New Brew Friday: May 6, 2016

May has arrived, and a long with it the warm weather and summer beers! Look for breweries across the country to begin to release light, refreshing, and often citrus flavored beers for the next couple of weeks. Here are four new releases for the first week of May, cheers!


Nitro Vanilla Porter by Breckenridge Brewery Breckenridge, CO

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“Our remarkably complex, wildly popular ale combines hints of chocolate, caramel, and coffee with an inventively delicious twist, for good measure. A vortex of flavors made even more alluring by a blast of nitrogen. Look for more from this series later this year.” Available: May 11th


El Sully by 21st Amendment Brewery San Francisco, CA

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” Who is El Sully? Grab a can of this Mexican-Style lager, head to the nearest beach, even if it’s imagined, and perhaps he’ll come to you. A crisp, drinkable beer with light notes of spice from Northern Brewer hops.” Available: Year Round/ Now


Summerhook by Redhook Brewery Seattle, WA

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“Say hello to Summerhook, Redhook’s new summer seasonal! Summerhook is a golden rye ale that is crisp, refreshing, and built for sunny days. Summerhook is a new addition to Redhook’s seasonal line up that features crisp hoppiness and rye malt characteristics. Summerhook’s light body and 4.7 percent ABV make it a refreshing must for the season.” Available: May 10


Alfalfa Kang by Off Color Brewing, 3Floyds Brewing Co., and Wiseacre Brewing Chicago, IL

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“A 6.2%  ABV Pale Ale with alfalfa and alfalfa honey was brewed in collaboration with 3 Floyds and Mephis brewery Wiseacre. Packaged in 750ml bottles and available on draft.” Available: April 2016

Brew Review: Luponic Distortion 001

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From the mind of Firestone Walker Brewmaster Matt Brynildson comes the experiemental, hop rotating series, Luponic Distortion. Every 90 days Matt and his team will brew a new beer with a variety of hops “designed to deliver mind-blowing flavors that break the rules with each new release.” Revolution No. 001 was canned in early March and features six different, some rare, hops that boast tropical fruit aromas and flavors. Once the 90 days is up, around early June, 001 will be retired for 002. This sample was poured from a 12 oz can into a 16 oz snifter and came in at 5.9% ABV.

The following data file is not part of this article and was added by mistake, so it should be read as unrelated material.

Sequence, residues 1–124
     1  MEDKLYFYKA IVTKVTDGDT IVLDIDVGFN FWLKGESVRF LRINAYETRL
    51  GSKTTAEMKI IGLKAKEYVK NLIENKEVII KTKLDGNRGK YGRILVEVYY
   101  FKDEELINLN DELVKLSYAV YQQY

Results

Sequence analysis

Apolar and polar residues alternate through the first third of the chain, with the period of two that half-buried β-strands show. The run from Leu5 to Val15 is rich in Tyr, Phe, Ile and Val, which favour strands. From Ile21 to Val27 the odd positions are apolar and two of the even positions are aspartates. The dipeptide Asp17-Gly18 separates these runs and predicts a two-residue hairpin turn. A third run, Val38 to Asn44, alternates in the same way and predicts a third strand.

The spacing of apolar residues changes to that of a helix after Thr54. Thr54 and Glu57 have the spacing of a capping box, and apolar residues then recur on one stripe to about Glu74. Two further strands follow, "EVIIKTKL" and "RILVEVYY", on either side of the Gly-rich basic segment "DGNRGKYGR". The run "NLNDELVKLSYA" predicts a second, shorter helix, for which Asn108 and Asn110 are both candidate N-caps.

Appearance: Light orange to gold in color with a large, white and frothy head. Translucent, thin to medium body.

Aroma: Tropical fruits, pineapple, mango, melon, grapefruit, lemon, peach, earthy hops, slight cracker

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Taste: Like the nose, tropical fruit forward in flavor. Pineapple, melon, grapefruit, and peach are all prominent. The mouthfeel is smooth and extremely juicy. The entire palate is coated in a fruity, refreshing juiciness. A touch of bitterness from the hops rounds out the beer, but the juicy, tropical flavors dominate. The body is light, refreshing, and a very smooth.

Rating 5/5: Luponic Distortion is my top IPA of 2016 thus far. The gigantic tropical fruit aromas are matched in the flavor and they create an extremely refreshing and tasty beer. The lower ABV and small amount of bitterness let these flavors shine, a real benefit for the experimental brew. I eagerly await for N0. 002 to see what Matt and Firestone Walker experiment with next!

Brew Review: Tocayo Hominy White Ale

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Chef Rick Bayless, famous across Chicagoland and nationally for his many award winning Mexican restaurants and other culinary collaborations, has begun another one of those collaborations, this time in the world of beer. Bayless and Constellation Brands, America’s third largest importer of beers including Corona and Modelo, have teamed up to create Tocayo Brewing Company. Tocayo Hominy White Ale is the company’s first beer, “a refreshing, sessionable wit beer inspired by the flavors of Mexico.” Hominy White Ale can be found on draft in locations across Illinois, as well as in bottle and can distribution. This sample was poured from a 12 oz can into a 10 oz snifter, and came in at 5.5% ABV.

Appearance: Vibrant gold in color. A large, white head appears after the pour. A bit hazy with a stream of bubbles rising from the bottom of the glass.

Aroma: Belgian yeast, corn, orange, citrus, coriander, spices11f1df80-869c-46ab-a152-116e769da56c (1)

Taste: Citrus up front that’s authentic in taste and slightly sour. The familiar Belgian yeast, banana, coriander, and earthy hops are all present. The hominy is most noticeable in the body as it provides a creamy, corn forward base for all the exotic flavors to build off of. The finish features more spices, a bit more of the hops, and is very refreshing, not dry like most wit beers.

Rating 5/5: I have had numerous Belgian-style Wit beers this spring and Tocayo Hominy White Ale is easily my favorite. The Mexican inspired ingredients like the hominy and fresh orange zest pair wonderfully with the spice heavy Belgian ingredients. It’s light and refreshing yet still has a nice body and feel to it. Of course I sampled it with a taco dinner, an excellent pairing I highly recommend.